July 1st, 1839
Kidnapped Africans Seize Control Aboard Amistad Slave Ship
Though the United States Congress passed legislation in 1807 banning the importation of enslaved persons, traders continued to transport enslaved Africans into the country. During the early 1800s, many European countries also placed prohibitions on the trafficking of enslaved Africans. In January 1839, a group of Africans from the Mende tribe who had been kidnapped in Sierra Leone by Portuguese traders were sold to Spanish traders Don Jose Ruiz and Don Pedro. Ruiz and Pedro then transported the Africans to Havana, Cuba, on the ship La Amistad. In Cuba, the traders falsely classified the Africans as native Cubans. On June 27, 1839, the Amistad departed for another Cuban city, still carrying 49 of the Africans.
On July 1, 1839, Cinque, a Mende leader aboard La Amistad, used a file to free himself and others from their chains. The captives then revolted, killing the ship’s captain and cook. After taking control of the ship, the Africans demanded that the remaining crew return them to their homeland. The crew deceived the revolters and instead sailed toward the northeastern United States.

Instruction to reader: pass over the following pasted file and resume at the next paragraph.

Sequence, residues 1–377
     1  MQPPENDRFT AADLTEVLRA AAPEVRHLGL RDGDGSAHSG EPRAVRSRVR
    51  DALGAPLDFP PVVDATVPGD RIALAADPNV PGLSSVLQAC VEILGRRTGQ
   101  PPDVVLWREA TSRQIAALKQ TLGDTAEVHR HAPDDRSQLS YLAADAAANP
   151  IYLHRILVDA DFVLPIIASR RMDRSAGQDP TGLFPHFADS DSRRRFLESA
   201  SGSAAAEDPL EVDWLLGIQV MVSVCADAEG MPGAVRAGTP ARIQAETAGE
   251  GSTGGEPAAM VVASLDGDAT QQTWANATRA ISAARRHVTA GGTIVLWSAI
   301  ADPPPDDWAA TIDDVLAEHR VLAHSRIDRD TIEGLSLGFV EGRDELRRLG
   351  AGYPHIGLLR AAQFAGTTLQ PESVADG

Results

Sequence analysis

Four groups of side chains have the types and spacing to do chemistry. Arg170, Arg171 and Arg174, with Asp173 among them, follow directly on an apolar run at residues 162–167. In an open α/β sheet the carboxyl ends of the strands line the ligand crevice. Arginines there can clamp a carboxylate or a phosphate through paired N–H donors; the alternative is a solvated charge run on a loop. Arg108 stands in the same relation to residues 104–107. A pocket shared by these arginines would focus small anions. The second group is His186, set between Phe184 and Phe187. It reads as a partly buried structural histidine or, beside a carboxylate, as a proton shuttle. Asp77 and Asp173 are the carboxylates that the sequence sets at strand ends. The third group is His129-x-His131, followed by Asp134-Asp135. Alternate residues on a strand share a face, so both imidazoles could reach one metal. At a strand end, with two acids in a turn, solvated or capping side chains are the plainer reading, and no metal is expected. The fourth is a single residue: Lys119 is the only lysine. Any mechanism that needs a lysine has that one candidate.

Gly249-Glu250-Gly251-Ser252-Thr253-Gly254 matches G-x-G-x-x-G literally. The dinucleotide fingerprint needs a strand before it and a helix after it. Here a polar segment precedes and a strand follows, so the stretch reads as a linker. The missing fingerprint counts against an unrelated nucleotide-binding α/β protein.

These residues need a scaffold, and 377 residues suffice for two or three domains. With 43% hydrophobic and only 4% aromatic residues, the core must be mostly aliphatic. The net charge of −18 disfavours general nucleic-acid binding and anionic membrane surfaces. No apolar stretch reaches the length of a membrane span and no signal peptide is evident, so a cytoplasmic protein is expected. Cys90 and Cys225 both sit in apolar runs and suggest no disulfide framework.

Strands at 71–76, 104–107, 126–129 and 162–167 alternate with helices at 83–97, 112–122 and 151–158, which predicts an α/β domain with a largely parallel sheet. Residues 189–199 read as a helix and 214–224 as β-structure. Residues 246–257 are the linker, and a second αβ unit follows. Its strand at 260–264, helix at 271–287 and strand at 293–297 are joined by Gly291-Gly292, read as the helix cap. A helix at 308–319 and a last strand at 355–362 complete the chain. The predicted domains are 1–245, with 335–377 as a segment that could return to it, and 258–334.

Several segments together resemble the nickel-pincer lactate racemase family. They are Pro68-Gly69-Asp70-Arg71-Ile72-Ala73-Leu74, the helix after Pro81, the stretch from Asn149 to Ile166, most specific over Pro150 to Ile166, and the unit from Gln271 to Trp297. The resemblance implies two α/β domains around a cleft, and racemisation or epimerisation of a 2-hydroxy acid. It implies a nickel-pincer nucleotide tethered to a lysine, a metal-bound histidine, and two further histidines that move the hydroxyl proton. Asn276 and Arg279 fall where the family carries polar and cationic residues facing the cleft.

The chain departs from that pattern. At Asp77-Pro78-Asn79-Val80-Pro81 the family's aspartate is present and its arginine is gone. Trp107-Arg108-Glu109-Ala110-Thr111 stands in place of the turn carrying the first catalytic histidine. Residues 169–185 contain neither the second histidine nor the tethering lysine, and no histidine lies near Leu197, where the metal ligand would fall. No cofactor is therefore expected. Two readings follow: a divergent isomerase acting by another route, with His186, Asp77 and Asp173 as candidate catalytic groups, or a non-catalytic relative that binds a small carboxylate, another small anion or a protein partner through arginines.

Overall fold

On August 24, 1839, American authorities in New York seized the ship. The Africans aboard were arrested and charged with murder. Though murder charges were eventually dropped, a debate arose over the status of the Africans: were they free human beings or enslaved property? Future President John Quincy Adams represented the Africans in litigation to decide that question, and won their release with a ruling from the United States Supreme Court. Many of the Africans died awaiting recognition of their freedom, but in 1841, 35 of the survivors - including Cinque - were returned to their homeland.
(From Mural No. 2, The Court Scene, by Hale Woodruff, 1938, housed in Savery Library at Talladega College in Talladega, Alabama)